The first Jewelry Artist In Residence Program to run in a museum worldwide is now open to national and international artists all year round. Artist Residents may choose to work in the Metalsmithing Studio (ZEM) or the Jewelry Crafts Studio (ZEDET) both located on the Museum premises.
The Ilias Lalaounis Jewelry Museum (ILJM), inaugurates the first Jewelry Artist in Residence Program in a museum, worldwide. The Residency applies to artists that wish to engage in cultivating their art and developing in public activities with visitors and other artists.
The Jewelry Artist Residence program (JaIR) invites artists and public to a dialogue of creation and development exclusively on artistic studio jewelry. It provides a time of reflection, research, production, and immersion into a new culture of contemporary studio jewelry. Residents are encouraged to explore their practice within a public space; meeting new people, using new materials, experimenting in a new location and potentially integrating elements into their art. Art residencies emphasize the importance of meaningful and multi-layered cultural exchange and immersion into a unique environment, with live feedback and immediate enhancing of knowledge.
The Jewelry Artist in Residence Program is located within the Museum premises, in the ZEM workshop “Jewelry Metalsmithing Studio” and ZEDET workshop “Jewelry Crafts Studio”. The Residents may work during museum operating hours, use all available tools and machinery on site and have access to the Museum’s research facilities.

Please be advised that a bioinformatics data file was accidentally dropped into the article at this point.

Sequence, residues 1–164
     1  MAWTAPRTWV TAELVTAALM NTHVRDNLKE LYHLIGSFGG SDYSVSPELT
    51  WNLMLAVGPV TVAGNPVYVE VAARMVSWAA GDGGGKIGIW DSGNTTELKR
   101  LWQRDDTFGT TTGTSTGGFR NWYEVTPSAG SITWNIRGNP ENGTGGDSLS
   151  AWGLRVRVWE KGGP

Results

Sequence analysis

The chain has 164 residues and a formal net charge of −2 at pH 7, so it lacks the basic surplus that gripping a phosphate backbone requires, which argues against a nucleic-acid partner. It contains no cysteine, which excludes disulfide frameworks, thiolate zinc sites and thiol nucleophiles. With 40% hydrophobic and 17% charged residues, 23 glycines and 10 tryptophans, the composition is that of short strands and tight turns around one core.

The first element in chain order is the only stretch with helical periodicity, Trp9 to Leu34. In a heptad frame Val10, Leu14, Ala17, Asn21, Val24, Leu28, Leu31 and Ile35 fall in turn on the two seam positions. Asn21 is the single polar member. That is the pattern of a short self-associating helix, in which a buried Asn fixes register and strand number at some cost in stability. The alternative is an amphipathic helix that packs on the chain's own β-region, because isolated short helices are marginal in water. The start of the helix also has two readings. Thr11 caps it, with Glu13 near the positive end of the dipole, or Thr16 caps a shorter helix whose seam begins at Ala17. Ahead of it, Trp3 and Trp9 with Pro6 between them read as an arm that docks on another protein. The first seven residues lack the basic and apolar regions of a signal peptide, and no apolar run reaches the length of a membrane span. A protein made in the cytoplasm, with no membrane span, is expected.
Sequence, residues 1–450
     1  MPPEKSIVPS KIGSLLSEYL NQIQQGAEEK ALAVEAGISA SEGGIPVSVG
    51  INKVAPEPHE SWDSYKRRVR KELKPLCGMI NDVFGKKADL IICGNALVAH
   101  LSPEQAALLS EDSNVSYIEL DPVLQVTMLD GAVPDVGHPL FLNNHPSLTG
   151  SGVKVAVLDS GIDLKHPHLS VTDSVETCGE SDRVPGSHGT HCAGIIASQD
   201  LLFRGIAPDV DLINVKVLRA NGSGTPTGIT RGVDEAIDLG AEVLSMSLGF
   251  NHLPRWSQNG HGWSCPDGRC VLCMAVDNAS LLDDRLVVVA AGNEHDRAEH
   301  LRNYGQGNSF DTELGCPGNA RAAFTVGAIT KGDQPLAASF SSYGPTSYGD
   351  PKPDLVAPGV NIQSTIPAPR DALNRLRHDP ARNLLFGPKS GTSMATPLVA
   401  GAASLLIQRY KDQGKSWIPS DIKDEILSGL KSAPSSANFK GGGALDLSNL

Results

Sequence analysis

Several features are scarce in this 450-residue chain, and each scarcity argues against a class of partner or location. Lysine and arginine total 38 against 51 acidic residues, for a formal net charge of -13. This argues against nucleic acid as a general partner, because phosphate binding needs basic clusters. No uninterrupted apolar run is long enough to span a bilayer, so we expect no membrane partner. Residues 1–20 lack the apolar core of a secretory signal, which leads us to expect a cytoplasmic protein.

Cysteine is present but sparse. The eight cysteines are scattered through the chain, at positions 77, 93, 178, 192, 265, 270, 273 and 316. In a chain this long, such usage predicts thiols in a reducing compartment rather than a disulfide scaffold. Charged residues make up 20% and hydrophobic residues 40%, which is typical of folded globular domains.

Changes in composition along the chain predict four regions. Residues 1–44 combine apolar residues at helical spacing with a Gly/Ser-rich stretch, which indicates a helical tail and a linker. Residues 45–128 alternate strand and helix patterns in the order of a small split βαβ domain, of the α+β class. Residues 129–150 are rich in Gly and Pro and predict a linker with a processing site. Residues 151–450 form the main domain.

The ILJM invites applications from local and international mid-career artists working on studio jewelry or traditional crafts, architects and engineers. Applicants must have considerable experience in professional practice and be able to demonstrate ongoing development in their field. Available seats commence every month and run throughout the year. The duration of Residencies varies from two to six months.
JaIR is an integral part of the ILJM’s innovative programs to engage both artists and public for further understanding and learning the art of studio jewelry. The benefit of hands-on programs establishes new educational material for promoting the art of jewelry and enhancing both the museum artifacts and the understanding for contemporary artistic jewelry.
Candidates may examine options for a combined program with an Internship in the Curatorial department or participating at the Hephaistos Summer School, www.jss.gr.
For more information and application brochures.
Eleni Mastoras: email@example.com
Byron G. Vafeiadis: firstname.lastname@example.org